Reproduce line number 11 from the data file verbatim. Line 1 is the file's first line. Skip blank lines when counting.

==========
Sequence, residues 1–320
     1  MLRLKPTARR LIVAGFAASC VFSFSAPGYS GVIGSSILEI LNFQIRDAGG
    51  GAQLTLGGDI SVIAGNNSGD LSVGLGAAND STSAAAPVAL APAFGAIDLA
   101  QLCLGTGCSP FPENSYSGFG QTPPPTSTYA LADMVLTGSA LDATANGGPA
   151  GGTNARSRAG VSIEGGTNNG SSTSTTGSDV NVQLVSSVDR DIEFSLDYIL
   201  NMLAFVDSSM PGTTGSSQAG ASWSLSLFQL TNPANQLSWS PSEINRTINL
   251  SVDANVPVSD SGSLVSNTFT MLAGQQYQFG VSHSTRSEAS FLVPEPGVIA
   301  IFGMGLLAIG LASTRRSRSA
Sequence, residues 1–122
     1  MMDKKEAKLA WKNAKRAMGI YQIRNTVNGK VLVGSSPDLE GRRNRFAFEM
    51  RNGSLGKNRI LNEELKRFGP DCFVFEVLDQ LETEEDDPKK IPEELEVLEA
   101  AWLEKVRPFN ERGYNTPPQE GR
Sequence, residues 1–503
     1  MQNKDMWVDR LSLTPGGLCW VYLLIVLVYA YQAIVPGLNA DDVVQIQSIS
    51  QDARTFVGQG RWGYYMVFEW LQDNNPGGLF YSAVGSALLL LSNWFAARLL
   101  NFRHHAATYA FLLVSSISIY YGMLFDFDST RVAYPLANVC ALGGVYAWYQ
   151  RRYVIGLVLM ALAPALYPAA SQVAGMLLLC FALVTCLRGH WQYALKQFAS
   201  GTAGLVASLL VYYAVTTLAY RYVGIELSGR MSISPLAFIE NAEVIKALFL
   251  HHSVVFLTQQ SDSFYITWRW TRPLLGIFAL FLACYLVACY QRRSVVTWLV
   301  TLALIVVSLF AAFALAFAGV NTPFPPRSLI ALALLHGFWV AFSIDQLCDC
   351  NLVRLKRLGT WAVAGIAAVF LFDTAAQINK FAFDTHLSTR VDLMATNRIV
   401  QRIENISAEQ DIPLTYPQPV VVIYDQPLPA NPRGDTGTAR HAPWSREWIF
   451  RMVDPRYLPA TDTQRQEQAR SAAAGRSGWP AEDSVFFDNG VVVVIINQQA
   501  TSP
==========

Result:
    51  RNGSLGKNRI LNEELKRFGP DCFVFEVLDQ LETEEDDPKK IPEELEVLEA